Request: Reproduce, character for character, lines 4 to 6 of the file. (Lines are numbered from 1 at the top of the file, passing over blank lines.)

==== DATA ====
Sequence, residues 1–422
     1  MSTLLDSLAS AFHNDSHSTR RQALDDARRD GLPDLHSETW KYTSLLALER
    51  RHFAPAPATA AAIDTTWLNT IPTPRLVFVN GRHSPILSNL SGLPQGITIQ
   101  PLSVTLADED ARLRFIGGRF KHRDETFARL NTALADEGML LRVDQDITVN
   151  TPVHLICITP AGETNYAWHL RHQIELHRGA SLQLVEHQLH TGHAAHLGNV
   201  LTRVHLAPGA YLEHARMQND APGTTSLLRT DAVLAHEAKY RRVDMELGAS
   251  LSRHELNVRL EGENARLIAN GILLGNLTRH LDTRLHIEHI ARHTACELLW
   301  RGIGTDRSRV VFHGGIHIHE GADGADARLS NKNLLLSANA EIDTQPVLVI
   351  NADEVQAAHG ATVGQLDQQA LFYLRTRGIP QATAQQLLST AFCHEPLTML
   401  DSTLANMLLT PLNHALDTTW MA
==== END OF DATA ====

   101  PLSVTLADED ARLRFIGGRF KHRDETFARL NTALADEGML LRVDQDITVN
   151  TPVHLICITP AGETNYAWHL RHQIELHRGA SLQLVEHQLH TGHAAHLGNV
   201  LTRVHLAPGA YLEHARMQND APGTTSLLRT DAVLAHEAKY RRVDMELGAS